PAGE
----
FILE PHOTO - An aerial view shows the National Security Agency (NSA) headquarters in Ft. Meade, Maryland, U.S. on January 29, 2010. REUTERS/Larry Downing/File Photo

The decision to stop the once-secret activity, which involved messages sent to or received from people believed to be living overseas, came despite the insistence of U.S. officials in recent years that it was both lawful and vital to national security.
The halt is among the most substantial changes to U.S. surveillance policy in years and comes as digital privacy remains a contentious issue across the globe following the 2013 disclosures of broad NSA spying activity by former intelligence contractor Edward Snowden.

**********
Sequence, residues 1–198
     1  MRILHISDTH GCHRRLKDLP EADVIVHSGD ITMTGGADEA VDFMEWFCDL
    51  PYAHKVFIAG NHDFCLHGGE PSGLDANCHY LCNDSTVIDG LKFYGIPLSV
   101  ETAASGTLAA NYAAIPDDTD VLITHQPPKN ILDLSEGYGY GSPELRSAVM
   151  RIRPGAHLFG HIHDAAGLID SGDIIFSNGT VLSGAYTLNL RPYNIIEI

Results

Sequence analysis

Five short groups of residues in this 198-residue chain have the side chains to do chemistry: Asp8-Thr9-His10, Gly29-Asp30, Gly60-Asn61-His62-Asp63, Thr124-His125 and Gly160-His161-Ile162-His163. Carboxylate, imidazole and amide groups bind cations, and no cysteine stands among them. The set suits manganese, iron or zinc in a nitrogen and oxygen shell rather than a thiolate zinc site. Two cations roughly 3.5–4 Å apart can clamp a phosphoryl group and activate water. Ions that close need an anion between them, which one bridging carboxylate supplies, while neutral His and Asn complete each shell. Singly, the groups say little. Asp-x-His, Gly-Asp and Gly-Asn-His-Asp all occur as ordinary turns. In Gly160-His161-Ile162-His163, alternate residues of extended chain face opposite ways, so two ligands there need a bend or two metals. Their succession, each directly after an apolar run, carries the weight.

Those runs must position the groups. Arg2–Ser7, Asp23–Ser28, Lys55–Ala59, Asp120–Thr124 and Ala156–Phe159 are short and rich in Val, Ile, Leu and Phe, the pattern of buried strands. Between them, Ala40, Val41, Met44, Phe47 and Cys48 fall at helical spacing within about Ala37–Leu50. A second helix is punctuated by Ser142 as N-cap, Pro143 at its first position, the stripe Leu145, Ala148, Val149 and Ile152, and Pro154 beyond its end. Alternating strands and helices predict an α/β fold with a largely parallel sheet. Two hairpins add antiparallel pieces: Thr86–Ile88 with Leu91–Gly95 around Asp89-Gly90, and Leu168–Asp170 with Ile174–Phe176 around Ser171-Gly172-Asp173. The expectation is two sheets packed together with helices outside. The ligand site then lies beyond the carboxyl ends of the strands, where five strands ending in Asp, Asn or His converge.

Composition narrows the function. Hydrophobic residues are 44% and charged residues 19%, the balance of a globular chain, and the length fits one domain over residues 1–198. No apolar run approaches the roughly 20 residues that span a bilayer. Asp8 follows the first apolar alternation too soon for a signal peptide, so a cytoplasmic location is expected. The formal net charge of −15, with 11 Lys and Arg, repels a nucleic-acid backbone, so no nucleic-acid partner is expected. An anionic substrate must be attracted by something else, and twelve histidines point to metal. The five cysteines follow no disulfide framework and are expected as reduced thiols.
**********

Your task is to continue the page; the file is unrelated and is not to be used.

“NSA will no longer collect certain internet communications that merely mention a foreign intelligence target,” the agency said in a statement. “Instead, NSA will limit such collection to internet communications that are sent directly to or from a foreign target.”
NSA also said it would delete the “vast majority” of internet data collected under the surveillance program “to further protect the privacy of U.S. person communications.”
The decision is an effort to …
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